Internal

  • Places in the body that are relaxed, pleasant, reliable, connected, non-reactive, can move and respond
  • Moving the body in ways that feel relaxing, discharging, enlivening, pain-free
  • Breath that is free and unrestricted
  • Prayer, affirmations, connection to the divine, spirit or universe
  • Acts of self care
  • Presence, consciousness, awareness, meditation

External 

  • Places, people or activities, real or imagined, that are comforting and stabilizing
    • nature, rooms or places in your home, trusted people, pets, music, exercise or activities, travel, religious or spiritual places
  • A therapist or support group
  • Safe and appropriate touch
fresh flowers

 

Again, we all self-regulate throughout the day. If I'm feeling stressed, I might shake off my shoulders and/or take a walk. On another day I might have a chai and check email.

It's the effect I'm looking for -- to diffuse my stress or anxiety, to take a break from the thing that is stressful, hopefully broadening my perspective around it.

The first option - a shake of the shoulders and a walk - is probably the more healthful option. So I can really be aware of how that shake and walk make me feel:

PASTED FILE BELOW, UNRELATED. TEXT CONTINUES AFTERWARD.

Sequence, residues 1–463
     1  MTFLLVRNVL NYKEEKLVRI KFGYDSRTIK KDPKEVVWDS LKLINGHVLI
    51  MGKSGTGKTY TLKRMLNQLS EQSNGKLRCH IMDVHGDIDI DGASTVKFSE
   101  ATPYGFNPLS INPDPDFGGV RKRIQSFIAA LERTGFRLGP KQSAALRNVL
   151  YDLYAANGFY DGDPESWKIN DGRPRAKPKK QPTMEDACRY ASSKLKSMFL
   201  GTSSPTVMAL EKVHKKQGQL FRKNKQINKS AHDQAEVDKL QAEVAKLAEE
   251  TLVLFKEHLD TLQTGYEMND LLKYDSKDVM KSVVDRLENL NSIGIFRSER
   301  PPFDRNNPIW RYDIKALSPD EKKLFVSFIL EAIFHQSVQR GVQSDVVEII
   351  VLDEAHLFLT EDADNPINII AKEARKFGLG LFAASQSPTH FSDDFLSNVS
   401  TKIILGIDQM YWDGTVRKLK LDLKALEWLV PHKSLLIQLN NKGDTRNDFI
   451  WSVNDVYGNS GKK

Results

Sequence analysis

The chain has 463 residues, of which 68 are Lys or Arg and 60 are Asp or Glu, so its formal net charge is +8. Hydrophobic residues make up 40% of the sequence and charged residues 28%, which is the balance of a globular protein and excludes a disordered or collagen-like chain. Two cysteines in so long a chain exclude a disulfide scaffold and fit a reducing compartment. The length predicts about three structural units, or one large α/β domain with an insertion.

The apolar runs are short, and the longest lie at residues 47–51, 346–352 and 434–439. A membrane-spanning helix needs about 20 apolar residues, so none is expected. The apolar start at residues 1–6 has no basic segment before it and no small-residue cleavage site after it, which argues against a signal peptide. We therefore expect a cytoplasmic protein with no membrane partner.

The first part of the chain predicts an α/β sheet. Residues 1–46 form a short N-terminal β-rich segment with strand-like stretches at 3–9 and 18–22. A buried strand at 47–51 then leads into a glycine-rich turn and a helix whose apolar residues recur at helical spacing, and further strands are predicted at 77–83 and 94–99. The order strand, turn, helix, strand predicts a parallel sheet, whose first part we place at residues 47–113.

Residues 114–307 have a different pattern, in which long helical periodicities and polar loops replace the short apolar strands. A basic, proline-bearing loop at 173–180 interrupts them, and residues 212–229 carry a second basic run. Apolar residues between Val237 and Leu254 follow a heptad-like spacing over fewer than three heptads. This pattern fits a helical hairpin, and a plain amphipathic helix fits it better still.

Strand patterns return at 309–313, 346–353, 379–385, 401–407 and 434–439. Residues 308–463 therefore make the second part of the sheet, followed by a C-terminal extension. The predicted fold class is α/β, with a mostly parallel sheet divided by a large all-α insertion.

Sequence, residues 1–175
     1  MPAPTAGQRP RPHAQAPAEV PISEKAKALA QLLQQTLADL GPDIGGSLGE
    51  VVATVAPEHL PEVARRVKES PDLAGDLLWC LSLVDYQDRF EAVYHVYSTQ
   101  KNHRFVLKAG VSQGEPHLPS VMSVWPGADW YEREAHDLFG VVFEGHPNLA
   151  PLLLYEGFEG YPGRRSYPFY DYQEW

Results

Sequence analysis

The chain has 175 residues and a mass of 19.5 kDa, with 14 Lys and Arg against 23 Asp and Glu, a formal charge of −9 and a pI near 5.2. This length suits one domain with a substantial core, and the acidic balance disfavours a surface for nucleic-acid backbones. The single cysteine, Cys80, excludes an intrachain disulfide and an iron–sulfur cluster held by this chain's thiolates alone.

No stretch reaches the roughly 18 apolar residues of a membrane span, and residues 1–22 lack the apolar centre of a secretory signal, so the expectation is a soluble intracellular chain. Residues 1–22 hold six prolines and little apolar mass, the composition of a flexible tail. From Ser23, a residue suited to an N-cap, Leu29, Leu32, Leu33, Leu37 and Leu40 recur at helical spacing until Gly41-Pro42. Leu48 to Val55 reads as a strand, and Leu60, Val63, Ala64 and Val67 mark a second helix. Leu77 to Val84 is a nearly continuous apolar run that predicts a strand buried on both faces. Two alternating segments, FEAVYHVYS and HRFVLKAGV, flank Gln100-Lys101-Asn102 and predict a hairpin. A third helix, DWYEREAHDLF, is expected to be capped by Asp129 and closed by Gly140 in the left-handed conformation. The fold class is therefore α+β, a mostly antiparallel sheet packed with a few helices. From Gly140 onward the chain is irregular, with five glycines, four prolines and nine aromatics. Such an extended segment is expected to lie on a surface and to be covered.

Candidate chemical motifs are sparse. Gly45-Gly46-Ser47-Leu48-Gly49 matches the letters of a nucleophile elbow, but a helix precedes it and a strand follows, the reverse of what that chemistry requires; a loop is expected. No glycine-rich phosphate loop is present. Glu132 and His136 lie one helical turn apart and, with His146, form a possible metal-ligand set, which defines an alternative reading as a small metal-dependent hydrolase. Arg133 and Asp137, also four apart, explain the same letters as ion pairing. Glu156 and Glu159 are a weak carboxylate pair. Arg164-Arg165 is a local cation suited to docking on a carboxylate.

What are the sensations in my body?
Where are they?
What effects do they have?

Simply noticing these things can help me the next time I need to pick which self regulation to go with.  It can also help imprint the "non-stressed" state as I go back to what I was doing.

 

Curious about what your go-to resources are? Make a list!!

Here's part of mine:

Internal -- noticing or moving my hands, a head bobble, moving my jaw/face, recalling a line from a poem or a song, making little sounds, joint movements like shoulder rolls.

External -- nature and being outside, journalling, podcasts and music, walk/stretch/yoga, essential oils and good smells, fresh flowers, my faminals, friends and Greg, my therapist.

Since identifying this list a few months ago, I've spent less time online and on my phone, I've been reading more and seeing friends more regularly. Knowing that I have simple accessible resources in every moment helps ease my anxiety.

As you identify your resources, notice what happens in your body as you think about them and write them down. Sometimes just thinking about a resource is supportive.

What if you realize that your main resources are unhealthy? We all have mildly unhealthy outlets, but if your main support is also harming you in some way, here are some ideas.